Jessa O'Connor

Assistant Digital News Editor

Jessa O’Connor is the Assistant Editor, Digital News and Engagement for WFAE. She joined the team in 2018 after graduating from the University of North Carolina at Chapel Hill, where she earned a degree in broadcast journalism and worked for her college radio news station. Jessa won national awards for her college news coverage, including “First Place in Radio” from the Hearst Journalism Awards Program and “Best Radio News Reporting” from the Society of Professional Journalists.

Ways to Connect

Jessa O'Connor/ WFAE

A Butler High School student was fatally shot during a fight with another student around 7 a.m. Monday.

Jessa O'Connor / WFAE

As districts like Charlotte-Mecklenburg Schools look for ways to close student achievement gaps, they are trying to make sure that each student has access to a quality in-school education. But research shows that what’s offered out of school for students is just as important as what’s taught in school.

UNC President Margaret Spellings joined Charlotte Talks Monday, March 19, 2018.
Erin Keever / WFAE

The UNC System Board of Governors has approved the terms of separation for UNC system president Margaret Spellings after a two-hour closed session Friday morning.

Voting Machines
Flickr / Phil Roeder

County elections directors are urging voters to double-check their ballots after some early voters complained of mistakes.

Jessa O'Connor / WFAE

The vice chair of the Mecklenburg County Republican Party said Tuesday evening that she was a victim of sexual assault who, along with other members of her party, supported the confirmation of Brett Kavanaugh to the United States Supreme Court.

North Carolina Department of Public Safety

Former Carolina Panthers receiver Rae Carruth was 25 years old the day a Mecklenburg County jury found him guilty of conspiring to kill Cherica Adams in 2001. He’s 44 now and Monday morning was released from the Sampson Correctional Institution in Clinton, North Carolina.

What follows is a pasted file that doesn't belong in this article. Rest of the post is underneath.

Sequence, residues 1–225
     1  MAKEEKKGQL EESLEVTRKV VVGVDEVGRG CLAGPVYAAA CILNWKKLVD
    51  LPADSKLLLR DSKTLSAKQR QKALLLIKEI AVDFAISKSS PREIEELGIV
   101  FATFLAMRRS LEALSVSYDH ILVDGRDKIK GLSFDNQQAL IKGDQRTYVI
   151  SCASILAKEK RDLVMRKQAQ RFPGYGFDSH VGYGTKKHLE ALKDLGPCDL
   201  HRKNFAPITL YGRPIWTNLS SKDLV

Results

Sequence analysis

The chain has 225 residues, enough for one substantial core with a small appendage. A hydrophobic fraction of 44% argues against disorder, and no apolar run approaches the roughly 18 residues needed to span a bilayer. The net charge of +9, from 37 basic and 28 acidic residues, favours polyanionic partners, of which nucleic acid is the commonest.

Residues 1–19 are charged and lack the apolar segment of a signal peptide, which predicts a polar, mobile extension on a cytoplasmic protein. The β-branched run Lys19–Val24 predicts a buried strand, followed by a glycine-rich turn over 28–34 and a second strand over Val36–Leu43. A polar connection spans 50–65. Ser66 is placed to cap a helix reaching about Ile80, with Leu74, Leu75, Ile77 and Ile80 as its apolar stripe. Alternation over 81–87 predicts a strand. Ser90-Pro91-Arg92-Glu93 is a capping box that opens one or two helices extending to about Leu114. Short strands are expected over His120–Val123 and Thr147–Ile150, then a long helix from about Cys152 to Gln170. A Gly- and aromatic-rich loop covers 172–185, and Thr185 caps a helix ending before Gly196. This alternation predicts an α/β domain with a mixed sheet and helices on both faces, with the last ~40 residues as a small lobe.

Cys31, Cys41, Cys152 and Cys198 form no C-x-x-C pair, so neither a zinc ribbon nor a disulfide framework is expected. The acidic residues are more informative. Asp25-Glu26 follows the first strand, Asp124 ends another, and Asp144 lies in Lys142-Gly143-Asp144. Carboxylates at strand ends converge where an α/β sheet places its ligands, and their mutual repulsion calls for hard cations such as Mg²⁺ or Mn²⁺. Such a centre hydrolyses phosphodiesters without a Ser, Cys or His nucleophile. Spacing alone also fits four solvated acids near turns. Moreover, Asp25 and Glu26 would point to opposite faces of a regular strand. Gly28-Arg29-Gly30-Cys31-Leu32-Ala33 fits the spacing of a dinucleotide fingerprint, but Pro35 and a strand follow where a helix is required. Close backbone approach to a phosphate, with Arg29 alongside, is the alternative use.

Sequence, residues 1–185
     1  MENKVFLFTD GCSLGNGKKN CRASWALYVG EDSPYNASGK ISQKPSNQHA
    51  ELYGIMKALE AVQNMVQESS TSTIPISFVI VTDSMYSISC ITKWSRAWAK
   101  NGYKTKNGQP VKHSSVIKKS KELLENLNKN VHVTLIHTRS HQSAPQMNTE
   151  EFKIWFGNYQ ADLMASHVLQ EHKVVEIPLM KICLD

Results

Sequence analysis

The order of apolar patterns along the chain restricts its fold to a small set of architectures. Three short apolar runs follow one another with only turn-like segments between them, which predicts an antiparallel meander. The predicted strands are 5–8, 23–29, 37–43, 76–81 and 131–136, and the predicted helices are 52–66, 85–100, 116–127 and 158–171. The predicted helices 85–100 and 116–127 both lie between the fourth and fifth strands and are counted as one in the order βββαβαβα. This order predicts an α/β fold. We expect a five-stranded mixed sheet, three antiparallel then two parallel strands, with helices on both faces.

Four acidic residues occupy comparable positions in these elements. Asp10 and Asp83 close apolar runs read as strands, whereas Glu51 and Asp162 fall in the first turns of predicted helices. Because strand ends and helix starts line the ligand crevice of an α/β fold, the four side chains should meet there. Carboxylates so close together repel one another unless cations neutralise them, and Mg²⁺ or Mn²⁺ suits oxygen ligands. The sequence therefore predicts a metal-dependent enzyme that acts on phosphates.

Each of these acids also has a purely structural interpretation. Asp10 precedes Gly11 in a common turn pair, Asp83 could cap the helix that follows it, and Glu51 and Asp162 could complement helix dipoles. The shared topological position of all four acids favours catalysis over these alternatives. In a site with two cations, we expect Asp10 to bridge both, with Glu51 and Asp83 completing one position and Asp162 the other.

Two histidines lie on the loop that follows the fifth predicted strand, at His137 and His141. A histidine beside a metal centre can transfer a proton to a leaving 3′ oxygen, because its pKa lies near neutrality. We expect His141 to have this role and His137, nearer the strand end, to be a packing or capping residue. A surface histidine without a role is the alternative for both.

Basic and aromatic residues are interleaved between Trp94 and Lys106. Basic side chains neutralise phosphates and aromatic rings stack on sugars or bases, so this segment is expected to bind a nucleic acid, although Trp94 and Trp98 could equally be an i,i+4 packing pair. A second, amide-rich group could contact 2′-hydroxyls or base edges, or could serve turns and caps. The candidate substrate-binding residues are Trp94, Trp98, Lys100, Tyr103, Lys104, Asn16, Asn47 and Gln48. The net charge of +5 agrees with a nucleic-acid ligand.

Erin Keever / WFAE

Early voting started Oct. 17 for the 2018 midterm election in North Carolina. The general election will take place Tuesday, Nov. 6. Here’s what voters in Mecklenburg County need to know in order to prepare.

Jess Clark / WUNC

North Carolina voters will get the chance to elect justices to the state Supreme Court and Court of Appeals. North Carolinians will also be asked if they’re “for or against” six proposed amendments to the state Constitution.

The North Carolina legislative building is seen in Raleigh.

There are 12 House districts within Mecklenburg County and five Senate districts. Democrats view the midterm election as crucial to breaking the Republican supermajority in the General Assembly. Right now, Republicans have enough representatives in the General Assembly to override Democratic Gov. Roy Cooper if he vetoes their legislation. Democrats are trying to change that by identifying key districts throughout the state they could flip.

The U.S. capitol building.
Architect of the Capitol / Wikipedia

North Carolinians will vote on all 13 Congressional districts in November. Here's a look at the notable Congressional races from districts in and around Mecklenburg County and who else is on the ballot.

The Charlotte skyline.
Flickr/Charlie Cowins

There are three bonds that will appear on the November ballot for residents of Charlotte that will address housing, transportation and infrastructure. Here's a look at all three.